Furthermore, the helmet "looks cheap and has no tested safety certificate or marks to confirm it is safe to use."

Asare was also disappointed in the long wait for delivery, but it was the quality he most complained about, although for £14.95 what exactly did he expect?

"Not value for money," he concluded, "it's just cheap and not fit for purpose."

Many of SkyTeam4u's helmets have faux carbon fibre plastic covers, making them look pretty trick. The "20 Air Vents Sports Road Bike Cycling Safety Helmet with Visor" for £15.95 explicitly states that it's made from "Carbon fiber." Knock off the "er".

While most of the Chinese helmet sellers on Amazon state their lids meet the requisite safety standards, the lookalike helmets from SkyTeam4u do not.

Making and selling poor quality knock-off helmets is "not an economic question, it's a moral one," Specialized's IP investigator Andrew Love told BikeBiz.

"Fake helmets fail all the CE and CPSC tests horribly. Counterfeit helmets are extremely dangerous – there are deep moral issues surrounding the production and distribution of these fakes."

Love added: "The dangerous aspect is visual; authentic helmets often look very close to real from the outside. But the fake helmets have not been constructed or are able to pass CPSC impact testing, so although they look authentic, they do not provide any of the safety qualities that an authentic helmet does. It's frightening stuff no matter how you cut it. Law enforcement takes these issues very seriously, and acts fast when they pop up."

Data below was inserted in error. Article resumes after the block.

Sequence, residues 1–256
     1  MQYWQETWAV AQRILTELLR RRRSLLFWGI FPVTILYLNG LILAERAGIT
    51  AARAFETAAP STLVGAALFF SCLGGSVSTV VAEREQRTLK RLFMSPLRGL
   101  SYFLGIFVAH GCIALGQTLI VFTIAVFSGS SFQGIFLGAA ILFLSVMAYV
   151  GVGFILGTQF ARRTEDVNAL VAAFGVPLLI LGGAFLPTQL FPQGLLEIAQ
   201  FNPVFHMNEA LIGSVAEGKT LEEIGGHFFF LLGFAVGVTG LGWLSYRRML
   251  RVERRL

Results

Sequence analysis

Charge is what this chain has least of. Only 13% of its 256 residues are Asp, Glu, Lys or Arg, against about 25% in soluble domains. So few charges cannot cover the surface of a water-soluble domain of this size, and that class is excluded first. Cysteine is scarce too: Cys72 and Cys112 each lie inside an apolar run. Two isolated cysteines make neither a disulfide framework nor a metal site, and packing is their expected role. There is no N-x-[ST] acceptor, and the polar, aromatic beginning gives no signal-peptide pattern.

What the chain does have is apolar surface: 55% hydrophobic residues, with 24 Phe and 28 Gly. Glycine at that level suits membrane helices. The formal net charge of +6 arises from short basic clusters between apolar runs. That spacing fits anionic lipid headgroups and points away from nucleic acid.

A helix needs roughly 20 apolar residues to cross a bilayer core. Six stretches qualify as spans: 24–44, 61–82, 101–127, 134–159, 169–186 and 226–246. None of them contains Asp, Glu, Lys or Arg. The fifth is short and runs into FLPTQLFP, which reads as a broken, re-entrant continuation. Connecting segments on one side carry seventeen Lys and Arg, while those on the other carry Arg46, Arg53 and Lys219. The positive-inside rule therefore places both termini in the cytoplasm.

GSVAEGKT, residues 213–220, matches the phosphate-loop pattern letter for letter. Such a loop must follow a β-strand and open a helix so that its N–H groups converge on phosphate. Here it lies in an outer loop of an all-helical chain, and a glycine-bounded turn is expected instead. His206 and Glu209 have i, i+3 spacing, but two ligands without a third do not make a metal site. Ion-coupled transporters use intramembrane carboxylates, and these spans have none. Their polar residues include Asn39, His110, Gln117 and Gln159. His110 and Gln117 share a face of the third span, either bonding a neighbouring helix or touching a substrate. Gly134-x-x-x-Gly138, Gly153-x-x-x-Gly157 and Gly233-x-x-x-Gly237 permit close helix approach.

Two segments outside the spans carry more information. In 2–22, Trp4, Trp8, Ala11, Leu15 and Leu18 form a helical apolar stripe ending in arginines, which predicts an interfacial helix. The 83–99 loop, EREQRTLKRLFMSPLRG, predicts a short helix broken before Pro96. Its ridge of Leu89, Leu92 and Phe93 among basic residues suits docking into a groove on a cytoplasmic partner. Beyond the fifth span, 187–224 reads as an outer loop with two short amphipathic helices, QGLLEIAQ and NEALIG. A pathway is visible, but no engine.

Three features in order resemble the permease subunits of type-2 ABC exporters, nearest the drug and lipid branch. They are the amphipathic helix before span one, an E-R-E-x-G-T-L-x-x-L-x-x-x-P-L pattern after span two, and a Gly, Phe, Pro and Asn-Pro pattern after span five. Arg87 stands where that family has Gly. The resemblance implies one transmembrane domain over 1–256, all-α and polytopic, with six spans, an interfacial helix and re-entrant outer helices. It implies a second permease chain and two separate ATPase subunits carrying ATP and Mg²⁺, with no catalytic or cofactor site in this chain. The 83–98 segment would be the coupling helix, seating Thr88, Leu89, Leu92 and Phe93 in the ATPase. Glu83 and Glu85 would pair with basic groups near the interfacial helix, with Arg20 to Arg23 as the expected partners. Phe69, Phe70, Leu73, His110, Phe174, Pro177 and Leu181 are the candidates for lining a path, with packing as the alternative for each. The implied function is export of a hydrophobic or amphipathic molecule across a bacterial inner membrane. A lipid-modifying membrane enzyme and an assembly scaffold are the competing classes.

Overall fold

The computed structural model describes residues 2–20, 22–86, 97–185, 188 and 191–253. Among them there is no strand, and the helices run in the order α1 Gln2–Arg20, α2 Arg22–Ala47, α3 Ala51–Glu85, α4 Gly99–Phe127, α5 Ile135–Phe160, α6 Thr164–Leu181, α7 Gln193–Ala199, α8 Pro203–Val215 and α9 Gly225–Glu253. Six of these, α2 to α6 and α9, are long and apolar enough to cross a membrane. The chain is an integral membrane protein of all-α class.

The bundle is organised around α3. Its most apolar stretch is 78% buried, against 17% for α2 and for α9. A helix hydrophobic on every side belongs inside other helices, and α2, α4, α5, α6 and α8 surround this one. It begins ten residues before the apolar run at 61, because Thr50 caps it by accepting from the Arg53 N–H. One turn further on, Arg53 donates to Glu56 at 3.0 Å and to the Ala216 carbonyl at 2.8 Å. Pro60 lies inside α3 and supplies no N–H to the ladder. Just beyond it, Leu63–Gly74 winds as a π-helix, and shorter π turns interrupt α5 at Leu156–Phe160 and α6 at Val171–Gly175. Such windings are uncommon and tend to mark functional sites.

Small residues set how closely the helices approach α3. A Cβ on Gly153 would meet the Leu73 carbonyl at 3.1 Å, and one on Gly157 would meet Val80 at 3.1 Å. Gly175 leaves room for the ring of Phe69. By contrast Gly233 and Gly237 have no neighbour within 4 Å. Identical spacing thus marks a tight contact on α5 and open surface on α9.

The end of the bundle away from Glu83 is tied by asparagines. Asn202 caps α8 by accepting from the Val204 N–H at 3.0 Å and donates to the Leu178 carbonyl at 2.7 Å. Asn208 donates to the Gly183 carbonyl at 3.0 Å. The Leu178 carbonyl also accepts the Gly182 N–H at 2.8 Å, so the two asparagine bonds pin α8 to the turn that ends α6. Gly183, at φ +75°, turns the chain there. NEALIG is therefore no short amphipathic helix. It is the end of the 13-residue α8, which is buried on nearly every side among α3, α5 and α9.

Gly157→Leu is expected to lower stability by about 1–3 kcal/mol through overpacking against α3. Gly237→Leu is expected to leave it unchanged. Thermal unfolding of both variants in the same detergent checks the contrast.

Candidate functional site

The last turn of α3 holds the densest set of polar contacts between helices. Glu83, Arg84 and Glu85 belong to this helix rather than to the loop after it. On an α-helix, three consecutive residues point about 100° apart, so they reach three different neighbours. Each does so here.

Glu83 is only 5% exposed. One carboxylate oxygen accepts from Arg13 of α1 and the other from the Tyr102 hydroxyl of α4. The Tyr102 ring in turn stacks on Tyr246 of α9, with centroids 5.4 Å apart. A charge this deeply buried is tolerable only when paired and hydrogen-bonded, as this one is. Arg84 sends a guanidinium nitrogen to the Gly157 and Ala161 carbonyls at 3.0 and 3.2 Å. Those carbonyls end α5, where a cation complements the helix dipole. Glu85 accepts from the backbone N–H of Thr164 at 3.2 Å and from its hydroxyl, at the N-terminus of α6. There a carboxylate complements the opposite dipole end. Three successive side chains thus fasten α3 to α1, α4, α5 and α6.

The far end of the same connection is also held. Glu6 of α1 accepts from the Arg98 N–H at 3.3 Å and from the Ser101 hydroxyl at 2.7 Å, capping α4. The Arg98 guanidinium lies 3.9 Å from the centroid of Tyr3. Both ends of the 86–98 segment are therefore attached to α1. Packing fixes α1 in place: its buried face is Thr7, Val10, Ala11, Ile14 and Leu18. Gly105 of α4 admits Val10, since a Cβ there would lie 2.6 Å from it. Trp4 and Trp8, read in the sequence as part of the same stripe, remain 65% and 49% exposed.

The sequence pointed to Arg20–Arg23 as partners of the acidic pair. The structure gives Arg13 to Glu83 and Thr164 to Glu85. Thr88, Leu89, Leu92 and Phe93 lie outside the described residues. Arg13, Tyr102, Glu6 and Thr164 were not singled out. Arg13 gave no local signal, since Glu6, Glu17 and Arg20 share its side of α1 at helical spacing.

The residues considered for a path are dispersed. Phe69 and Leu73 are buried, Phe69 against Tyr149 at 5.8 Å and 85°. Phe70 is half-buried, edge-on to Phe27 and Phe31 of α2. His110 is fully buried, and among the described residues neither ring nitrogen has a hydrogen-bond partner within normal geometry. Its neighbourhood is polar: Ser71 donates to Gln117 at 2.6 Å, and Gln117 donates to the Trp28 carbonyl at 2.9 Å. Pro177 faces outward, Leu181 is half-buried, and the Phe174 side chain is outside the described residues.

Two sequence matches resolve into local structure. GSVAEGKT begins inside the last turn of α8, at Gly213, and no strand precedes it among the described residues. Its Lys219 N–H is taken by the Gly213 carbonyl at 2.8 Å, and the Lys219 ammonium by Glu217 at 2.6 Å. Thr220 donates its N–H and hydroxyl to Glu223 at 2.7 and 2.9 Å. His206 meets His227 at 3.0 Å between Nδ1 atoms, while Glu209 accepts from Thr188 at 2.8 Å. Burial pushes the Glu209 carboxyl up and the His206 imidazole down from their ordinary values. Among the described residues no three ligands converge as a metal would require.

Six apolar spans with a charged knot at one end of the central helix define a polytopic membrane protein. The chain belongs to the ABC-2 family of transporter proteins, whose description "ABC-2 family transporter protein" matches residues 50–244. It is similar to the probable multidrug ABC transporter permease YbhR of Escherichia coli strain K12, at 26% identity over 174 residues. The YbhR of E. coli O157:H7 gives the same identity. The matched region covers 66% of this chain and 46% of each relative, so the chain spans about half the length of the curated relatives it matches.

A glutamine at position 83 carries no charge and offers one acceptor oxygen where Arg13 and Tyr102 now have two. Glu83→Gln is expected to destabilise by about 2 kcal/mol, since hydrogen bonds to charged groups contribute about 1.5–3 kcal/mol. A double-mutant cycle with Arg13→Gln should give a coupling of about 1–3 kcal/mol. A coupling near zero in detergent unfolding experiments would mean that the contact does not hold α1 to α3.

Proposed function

Love means law enforcement in the US, but authorities in China have been stamping down hard on helmet fakers recently. In 2015 Xie Zhenxiang was sentenced to nearly three years in prison in China for selling fake cycling goods, including Giro helmets, on Alibaba's TaoBao.com.

Giro is a US brand owned by BRG Sports. Martin H. Nguyen, BRG's in-house legal counsel, told Bicycle Retailer that there are no genuine Giro products on TaoBao.com:

"The images depicted on TaoBao.com for supposed Giro products show components, geometries, orientation, size, and labels that are inconsistent with Giro factory specifications. Also, no Giro reseller or distributor is authorized to market or sell through online marketplaces without express written authorization given on a case-by-case basis. Currently, TaoBao.com is not an authorized marketplace, so any purported Giro products sold on TaoBao.com are presumptively considered counterfeit and are treated as such."

Giro's executive vice president and general manager Greg Shapleigh told BikeBiz:

"Giro has always taken the position that counterfeit products in the helmet industry pose a significant risk to public safety. For this reason, we work hard to educate the cycling community about the importance of eradicating counterfeit products and, where necessary and appropriate, we participate in a wide array of counterfeit suppression and eradication efforts, including cooperating with federal investigations."

In a warning to consumers about "fake bicycle helmets that break upon impact", Michael Walsh, the director of America's Customs and Border Protection's IPR Policy and Programs Division said:

"We ask that shoppers be wary and do their homework. Counterfeit and pirated goods are poor quality, harm legitimate businesses, and can pose health and safety risks to US consumers."

Faking it Inside the shady world of counterfeit bikes, clothing and parts is a series of 20 articles. For offline reading convenience, the 25,000 words can be found on an illustration-rich PDF, a Kindle file, an eBook and a Word document.